Copyright Sam Allred © July 9, 2011. Martial artists may freely use this design.


Books have been written about the many opposites that are contained in this simple diagram, which is actually a deep and extremely significant symbol, the meaning of which varies in different cultures. In reality, Being a westerner, I am unable to fully comprehend the implications of the Asian Yin Yang concept. I believe that understanding the Yin and Yang is similar to speaking a foreign language which one must grow up with in order to speak with native fluency. I can only attempt to explain the basics. To a large number of Asians, Yin and Yang is a way of life, and so, out of respect for the origins of our system I am including this most commonly used and largely misunderstood symbol as part of the Jukensa logo.

"yin and yang", is used to describe how opposites or seemingly contrary forces are interconnected and interdependent in the natural world, and how they give rise to each other in turn.Yin and Yang may also be explained as “a totality that cannot exist without both parts.” Yin and Yang are opposites that depend on one another and must always be in balance, just the same as the seasons cycle and create a time of heat and a time of cold. Yin and Yang cycles through active and passive, dark and light, life and death, and on and on. Yin represents the female, the moon, night, winter, left, weak and dark. In contrast, yang stands for the male, the sun, day, summer, right, strong and light. Yin and Yang continuously produce each other, resulting in a cycle where one force dominates, and then is replaced by the other force, so that no one force can dominate permanently. The two forces are interconnected, and all aspects of life and nature contain them to some degree. There is neither right nor wrong, but rather there is balance, transformation, interaction, and dependent opposition.

Two broad classes of martial arts exist embodying Yin and Yang. Yin, or the soft martial arts, relies on circular motions and redirection of energy to use as a counterattack. Examples of soft martial arts include Tai Chi Chuan, Judo and Aikido. Yang, or hard martial arts, relies on linear motions and the direct opposition of force with your own force. Examples of hard martial arts include Karate, Muay Thai Kickboxing and Tiger-style Kung Fu. In martial arts, using a soft defense against a hard attack conserves your energy. Conversely, using a hard defense against a soft attack overwhelms your opponent. JUKENSA uses both hard and soft—the complete Yin and Yang.

Within Yang, there is a small piece of Yin and within Yin there is a small piece of Yang, as illustrated in the Yin Yang drawing above. Strive for balance and understanding in your life. Learn and practice when to yield and when to act (yin-yang) in everyday situations.


The "Yang" of the Jukensa logo is red, a color which denotes action, power, happiness, and prosperity. It is the “hottest” of the colors and almost always is used to show joy and celebration and attracts attention more than other colors, and of course, there is the word "All-red;-)"


The clenched fist represents the Jukensa man’s weapon, the open hand expressing the idea that the Jukensa practitioner does not wish to use his weapon…an explosive punch controlled by the open hand. This symbol is much like the Yin and Yang in meaning, but in Jukensa is dedicated more to actual combat. The Jukensa practicioner is expected to be able to expertly be able to use his natural weapons and knowledge, but along with his skills he is expected to control his actions and emotions during a confrontation. This salutation is performed at the beginning and end of each Jukensa training session.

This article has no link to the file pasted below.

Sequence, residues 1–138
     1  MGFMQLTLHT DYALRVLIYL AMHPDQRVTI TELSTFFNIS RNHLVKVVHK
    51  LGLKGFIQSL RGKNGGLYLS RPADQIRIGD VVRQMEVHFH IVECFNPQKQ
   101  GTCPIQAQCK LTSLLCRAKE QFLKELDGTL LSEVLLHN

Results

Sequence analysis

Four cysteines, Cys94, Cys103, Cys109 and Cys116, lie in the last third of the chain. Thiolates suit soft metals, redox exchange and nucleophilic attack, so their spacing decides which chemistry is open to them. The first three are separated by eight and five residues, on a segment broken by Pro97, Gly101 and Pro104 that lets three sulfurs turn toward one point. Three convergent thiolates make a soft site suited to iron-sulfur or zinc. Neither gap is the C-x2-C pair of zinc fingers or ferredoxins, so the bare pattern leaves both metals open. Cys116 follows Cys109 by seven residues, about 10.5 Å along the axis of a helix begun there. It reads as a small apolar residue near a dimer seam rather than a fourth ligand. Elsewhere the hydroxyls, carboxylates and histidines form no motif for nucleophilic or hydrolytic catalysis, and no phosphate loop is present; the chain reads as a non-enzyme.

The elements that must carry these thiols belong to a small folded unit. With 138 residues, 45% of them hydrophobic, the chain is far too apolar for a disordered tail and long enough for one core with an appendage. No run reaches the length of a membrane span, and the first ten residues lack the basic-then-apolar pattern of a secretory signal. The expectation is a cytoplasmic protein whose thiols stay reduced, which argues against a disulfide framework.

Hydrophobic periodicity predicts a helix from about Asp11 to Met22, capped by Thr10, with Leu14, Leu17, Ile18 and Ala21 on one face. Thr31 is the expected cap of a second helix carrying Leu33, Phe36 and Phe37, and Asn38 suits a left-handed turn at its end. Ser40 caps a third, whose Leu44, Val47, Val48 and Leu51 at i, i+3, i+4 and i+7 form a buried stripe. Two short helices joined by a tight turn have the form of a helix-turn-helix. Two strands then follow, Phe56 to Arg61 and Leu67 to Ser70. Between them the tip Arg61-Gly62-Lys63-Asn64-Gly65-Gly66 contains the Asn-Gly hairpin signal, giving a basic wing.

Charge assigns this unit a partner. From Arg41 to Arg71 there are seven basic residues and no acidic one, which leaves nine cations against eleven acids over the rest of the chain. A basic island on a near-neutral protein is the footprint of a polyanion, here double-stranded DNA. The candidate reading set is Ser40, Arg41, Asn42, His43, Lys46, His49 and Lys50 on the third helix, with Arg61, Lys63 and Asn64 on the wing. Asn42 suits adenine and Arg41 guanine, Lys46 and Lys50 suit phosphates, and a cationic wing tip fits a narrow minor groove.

There are several meanings for this gesture. Directed toward the Jukensa teacher, it designates respect for him, for the originator(s) of the particular system, and all who have studied before him, with him, and who presently study under him. It shows courtesy and respect to any audience present. “I now cover my weapon, my fist, for I do not wish to use it.” The Jukensa practicioner is expected to use this concept in all facets of his or her life…to exhibit control over emotions and actions. However, even the open hand exhibits a developed knuckle, indicating that although passive, the Yang is there.

The clenched fist also signifies improper behavior toward others, such as temper displays, fighting, antagonism, cheating, deceit, violence, lying, foul language, argumentativeness, and on and on.

The open hand is neither passive nor is it negative, as it is the Yin of the Yin-Yang symbol. Quite the opposite! It represents a force which can control the fist, or, it symbolically illustrates that we have the ability to control our improper behavior. The Jukensa open hand is positive and active. It dominates and commands the inappropriate behavior represented by the clenched fist.

This open hand may be said to represent CONTROL. Any activity of an improper nature is represented by the fist, but the open hand controls the fist, or inappropriate behavior... The open hand is a reminder of our restraint and control over our negative actions toward others.

During the Jukensa salute, forcefully press the open hand against the fist, symbolically controlling improper behavior.


The green reeds are representative of a student growing and striving for knowledge and for success in life. The right one also represents the tiger and the left one the dragon. The crossing of the two stems represents the dragon and tiger in harmony. The leaves of the reeds represent the many systems that form the martial arts. In general, green is considered to be the color of growth and wealth and offers a sense of self control and harmony. The colors of the logo (green, red, and white) are the colors of the Mexican flag.

Jukensa is a "Thunderbird" Organization.

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